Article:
2 March 2022

Leather Naturally reports that a Scottish leather company called Muirhead recently refurbished 234 rail carriages for Irish Rail by re-covering 15,500 train seats with genuine leather. It is a reminder that leather is (quite literally) the natural choice for all kinds of transportation applications – including car interior leather – thanks to its unique properties. Report by One 4 Leather



Leather performs better all round than fabric
The choice for leather over fabric was made on the grounds of performance and cost, according to Aisling Norton, Project Manager at Irish Rail. “Over twelve years, fabric seats cost €5.8 million including cleaning,” she says, “while leather seats cost €2.6 million. That’s a saving of €3.2 million!” Another reason for choosing leather covers was hygiene. Aisling points out that leather does not trap any odours in the way that fabric might, making them easier to maintain and much more pleasant for travellers.

A cost-effective choice for car interiors
When it comes to cars, these aspects of fabric upholstery are often overlooked. Using fabric might seem like an ‘easy win’ for the manufacturer, but they are passing on a lifetime of maintenance tasks and costs to their customers. Leather for car seats, by contrast, is far more durable than fabric and resist stains well. With high tensile strength, leather seats are also very flexible and not prone to the same wear as fabric. Better still, any signs of age in leather that do occur actually make it look even better.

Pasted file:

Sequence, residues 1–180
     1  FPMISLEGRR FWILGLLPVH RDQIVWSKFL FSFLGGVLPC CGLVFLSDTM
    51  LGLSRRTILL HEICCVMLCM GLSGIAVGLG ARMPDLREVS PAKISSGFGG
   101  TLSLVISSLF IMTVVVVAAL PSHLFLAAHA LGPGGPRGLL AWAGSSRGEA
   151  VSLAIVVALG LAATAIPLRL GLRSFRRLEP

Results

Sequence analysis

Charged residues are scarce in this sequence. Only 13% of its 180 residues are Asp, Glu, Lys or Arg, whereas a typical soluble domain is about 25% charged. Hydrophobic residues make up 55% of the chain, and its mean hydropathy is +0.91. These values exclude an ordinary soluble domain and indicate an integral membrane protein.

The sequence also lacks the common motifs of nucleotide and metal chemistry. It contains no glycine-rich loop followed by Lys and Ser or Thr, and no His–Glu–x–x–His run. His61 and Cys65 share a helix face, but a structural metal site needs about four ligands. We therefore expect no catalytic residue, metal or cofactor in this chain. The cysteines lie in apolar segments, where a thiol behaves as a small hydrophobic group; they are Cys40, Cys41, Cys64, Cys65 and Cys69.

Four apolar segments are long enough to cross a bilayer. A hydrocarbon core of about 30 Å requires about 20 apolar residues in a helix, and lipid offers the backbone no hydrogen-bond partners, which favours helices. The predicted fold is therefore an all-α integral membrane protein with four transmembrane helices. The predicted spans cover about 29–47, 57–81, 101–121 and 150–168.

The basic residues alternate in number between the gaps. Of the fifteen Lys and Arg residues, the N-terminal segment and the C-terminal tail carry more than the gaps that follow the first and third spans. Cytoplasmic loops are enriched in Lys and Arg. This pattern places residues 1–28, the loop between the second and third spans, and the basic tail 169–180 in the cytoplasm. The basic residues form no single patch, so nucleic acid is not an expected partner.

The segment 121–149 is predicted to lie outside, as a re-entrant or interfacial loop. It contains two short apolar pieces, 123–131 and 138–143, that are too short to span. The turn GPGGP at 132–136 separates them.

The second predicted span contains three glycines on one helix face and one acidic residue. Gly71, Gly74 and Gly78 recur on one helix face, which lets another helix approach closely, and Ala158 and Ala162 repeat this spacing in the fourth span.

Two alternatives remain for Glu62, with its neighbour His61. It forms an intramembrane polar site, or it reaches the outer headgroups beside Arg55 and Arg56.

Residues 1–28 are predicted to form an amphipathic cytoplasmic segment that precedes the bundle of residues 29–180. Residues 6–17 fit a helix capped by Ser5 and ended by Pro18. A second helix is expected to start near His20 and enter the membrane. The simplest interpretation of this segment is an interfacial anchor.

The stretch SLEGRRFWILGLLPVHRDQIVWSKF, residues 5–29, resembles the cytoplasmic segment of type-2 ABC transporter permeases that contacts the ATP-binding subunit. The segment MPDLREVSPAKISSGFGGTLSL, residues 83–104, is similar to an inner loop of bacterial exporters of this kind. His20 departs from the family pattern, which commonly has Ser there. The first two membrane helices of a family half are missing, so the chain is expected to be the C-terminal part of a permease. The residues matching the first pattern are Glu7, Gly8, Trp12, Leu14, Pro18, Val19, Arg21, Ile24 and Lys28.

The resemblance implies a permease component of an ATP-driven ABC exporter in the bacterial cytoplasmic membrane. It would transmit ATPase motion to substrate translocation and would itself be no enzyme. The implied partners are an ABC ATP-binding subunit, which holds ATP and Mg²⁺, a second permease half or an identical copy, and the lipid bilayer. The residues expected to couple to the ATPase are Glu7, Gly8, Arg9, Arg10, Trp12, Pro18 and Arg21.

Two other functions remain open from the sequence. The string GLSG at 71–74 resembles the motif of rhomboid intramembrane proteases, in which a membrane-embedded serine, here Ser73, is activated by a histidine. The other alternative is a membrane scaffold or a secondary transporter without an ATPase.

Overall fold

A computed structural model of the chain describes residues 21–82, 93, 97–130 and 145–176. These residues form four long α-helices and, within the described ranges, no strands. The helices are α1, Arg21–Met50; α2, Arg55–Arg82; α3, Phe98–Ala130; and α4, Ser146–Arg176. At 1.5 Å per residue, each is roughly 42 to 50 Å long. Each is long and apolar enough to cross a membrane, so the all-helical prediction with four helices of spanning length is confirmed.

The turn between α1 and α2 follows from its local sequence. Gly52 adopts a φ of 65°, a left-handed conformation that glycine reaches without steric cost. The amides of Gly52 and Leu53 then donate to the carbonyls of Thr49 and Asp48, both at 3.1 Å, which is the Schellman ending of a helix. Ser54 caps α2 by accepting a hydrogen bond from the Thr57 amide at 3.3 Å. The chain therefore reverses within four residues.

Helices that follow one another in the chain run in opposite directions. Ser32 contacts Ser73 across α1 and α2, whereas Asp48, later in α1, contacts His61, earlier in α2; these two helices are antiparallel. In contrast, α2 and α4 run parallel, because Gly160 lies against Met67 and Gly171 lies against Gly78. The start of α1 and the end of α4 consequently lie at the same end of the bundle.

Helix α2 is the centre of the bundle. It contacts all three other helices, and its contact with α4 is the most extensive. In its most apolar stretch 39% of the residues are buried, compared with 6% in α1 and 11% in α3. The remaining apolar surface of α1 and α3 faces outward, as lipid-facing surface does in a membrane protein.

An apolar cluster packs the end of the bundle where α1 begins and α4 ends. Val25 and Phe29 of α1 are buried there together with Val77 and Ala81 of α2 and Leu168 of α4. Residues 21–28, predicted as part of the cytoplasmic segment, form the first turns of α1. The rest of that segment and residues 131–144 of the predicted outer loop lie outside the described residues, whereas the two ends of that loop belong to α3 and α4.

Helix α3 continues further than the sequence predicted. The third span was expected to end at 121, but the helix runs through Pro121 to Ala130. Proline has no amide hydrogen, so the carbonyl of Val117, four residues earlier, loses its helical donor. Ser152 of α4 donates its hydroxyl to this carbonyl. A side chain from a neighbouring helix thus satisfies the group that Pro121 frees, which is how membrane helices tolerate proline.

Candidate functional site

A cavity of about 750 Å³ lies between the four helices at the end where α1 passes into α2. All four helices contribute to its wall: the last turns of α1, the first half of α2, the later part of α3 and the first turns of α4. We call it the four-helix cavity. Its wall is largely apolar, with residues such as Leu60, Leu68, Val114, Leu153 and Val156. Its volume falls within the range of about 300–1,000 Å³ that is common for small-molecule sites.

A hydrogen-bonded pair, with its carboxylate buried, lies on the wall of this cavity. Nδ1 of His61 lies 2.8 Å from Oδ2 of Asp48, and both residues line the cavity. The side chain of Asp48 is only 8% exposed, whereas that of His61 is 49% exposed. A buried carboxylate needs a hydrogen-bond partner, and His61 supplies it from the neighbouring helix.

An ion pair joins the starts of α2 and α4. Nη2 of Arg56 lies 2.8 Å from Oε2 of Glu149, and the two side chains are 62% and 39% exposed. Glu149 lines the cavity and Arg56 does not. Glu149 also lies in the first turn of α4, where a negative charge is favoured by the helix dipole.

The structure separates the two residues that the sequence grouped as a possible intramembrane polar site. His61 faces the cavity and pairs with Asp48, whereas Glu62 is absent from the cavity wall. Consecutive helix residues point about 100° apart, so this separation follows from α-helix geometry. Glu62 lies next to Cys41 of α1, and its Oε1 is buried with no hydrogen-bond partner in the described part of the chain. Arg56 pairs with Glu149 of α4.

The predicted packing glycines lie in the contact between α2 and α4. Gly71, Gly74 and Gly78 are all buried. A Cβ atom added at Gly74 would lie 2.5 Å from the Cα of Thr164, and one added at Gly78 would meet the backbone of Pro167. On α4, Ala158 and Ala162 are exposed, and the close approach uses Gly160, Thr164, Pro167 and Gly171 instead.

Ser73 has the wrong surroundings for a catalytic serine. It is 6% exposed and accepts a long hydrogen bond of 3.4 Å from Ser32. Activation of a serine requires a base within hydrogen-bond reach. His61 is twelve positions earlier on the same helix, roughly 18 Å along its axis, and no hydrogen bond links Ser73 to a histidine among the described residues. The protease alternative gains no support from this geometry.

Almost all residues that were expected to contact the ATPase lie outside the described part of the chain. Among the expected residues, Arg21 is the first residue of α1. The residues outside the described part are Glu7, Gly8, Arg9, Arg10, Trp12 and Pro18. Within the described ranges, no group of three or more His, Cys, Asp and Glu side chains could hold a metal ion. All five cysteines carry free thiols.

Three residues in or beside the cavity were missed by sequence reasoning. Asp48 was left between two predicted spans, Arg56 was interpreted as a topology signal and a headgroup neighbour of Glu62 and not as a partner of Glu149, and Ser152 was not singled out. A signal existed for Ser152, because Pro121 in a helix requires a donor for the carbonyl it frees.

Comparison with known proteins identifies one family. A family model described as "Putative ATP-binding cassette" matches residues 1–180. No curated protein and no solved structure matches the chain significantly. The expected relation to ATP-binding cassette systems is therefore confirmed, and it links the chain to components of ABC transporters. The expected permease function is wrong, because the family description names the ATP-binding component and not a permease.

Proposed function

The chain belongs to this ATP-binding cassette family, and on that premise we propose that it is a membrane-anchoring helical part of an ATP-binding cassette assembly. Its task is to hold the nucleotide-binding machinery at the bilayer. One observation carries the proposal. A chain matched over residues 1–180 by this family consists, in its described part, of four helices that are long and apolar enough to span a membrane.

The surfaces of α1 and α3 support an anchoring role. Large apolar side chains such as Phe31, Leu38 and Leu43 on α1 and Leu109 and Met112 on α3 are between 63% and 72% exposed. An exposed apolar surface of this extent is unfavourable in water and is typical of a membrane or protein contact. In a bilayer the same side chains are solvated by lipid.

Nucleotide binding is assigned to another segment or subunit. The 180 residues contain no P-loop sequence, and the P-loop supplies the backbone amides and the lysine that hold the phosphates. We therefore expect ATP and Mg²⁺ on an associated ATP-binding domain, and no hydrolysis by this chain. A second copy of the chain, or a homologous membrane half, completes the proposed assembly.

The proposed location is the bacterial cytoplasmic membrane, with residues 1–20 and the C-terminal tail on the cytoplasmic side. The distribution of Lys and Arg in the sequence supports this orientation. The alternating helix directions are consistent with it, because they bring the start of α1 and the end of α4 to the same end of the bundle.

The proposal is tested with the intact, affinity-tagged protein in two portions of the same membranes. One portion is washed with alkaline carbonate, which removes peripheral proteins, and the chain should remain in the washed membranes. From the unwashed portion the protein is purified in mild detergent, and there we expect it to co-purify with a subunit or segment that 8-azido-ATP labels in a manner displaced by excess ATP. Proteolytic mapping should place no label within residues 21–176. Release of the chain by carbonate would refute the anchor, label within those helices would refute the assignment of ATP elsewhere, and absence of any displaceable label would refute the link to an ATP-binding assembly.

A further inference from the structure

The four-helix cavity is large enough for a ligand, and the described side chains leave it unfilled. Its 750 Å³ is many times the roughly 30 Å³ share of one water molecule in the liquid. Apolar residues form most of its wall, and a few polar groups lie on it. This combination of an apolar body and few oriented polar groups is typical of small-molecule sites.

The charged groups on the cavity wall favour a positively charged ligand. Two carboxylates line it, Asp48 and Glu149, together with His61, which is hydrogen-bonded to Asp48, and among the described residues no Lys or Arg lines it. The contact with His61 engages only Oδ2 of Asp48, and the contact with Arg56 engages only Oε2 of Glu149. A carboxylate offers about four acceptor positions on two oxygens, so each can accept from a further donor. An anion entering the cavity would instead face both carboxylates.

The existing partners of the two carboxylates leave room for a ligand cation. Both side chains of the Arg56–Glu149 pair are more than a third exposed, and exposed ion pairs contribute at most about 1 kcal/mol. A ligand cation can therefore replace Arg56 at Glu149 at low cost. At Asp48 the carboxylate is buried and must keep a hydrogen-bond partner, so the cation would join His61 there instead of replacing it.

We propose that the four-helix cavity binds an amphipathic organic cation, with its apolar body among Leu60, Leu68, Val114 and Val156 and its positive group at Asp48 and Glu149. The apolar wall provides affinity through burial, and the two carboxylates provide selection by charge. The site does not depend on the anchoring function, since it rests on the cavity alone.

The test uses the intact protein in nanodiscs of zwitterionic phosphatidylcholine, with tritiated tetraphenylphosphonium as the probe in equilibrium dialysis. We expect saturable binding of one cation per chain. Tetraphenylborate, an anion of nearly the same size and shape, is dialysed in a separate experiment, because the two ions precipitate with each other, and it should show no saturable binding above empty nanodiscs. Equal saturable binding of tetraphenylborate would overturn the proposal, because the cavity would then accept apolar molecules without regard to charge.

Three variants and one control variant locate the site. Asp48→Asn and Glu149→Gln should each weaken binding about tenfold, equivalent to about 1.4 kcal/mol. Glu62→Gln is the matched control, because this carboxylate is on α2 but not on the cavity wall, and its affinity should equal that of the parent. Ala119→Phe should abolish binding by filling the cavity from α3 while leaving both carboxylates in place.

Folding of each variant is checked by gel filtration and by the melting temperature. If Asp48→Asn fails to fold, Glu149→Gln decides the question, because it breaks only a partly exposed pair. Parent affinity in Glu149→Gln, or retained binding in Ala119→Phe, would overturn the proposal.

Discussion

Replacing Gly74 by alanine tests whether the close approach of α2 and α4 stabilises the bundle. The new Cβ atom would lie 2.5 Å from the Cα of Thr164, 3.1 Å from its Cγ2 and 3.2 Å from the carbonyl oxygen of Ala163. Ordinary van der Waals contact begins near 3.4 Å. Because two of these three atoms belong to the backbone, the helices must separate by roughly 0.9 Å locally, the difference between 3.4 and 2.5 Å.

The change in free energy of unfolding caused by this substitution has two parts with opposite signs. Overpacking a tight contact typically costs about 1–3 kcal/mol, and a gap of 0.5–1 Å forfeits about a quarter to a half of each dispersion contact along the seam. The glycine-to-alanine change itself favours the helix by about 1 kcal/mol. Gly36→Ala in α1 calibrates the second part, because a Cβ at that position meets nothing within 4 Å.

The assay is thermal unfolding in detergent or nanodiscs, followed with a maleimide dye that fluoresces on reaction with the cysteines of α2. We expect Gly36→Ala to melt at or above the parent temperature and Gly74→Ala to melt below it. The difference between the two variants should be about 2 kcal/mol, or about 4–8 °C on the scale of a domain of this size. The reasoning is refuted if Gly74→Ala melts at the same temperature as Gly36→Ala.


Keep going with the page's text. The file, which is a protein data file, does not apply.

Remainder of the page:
Leather seats make business sense
Leather is sometimes thought of as a ‘luxury’ option. Indeed, Peter Smyth, Irish Rail’s Chief Mechanical Engineer, says that when the seats were first unveiled to the public, passengers would ask the guards to check their tickets because they thought they were in first class! It is true that leather does have a feel of supreme comfort and luxury but what this story shows is that car manufacturers are missing out on real commercial benefits by not using automotive leather. In line with the general move toward ‘decontenting’, fabric might seem like an easy option but, it turns out to be a false economy in the end – and it is their customers who must ultimately pick up the bill. (With thanks to our friends at Leather Naturally for the original article.)

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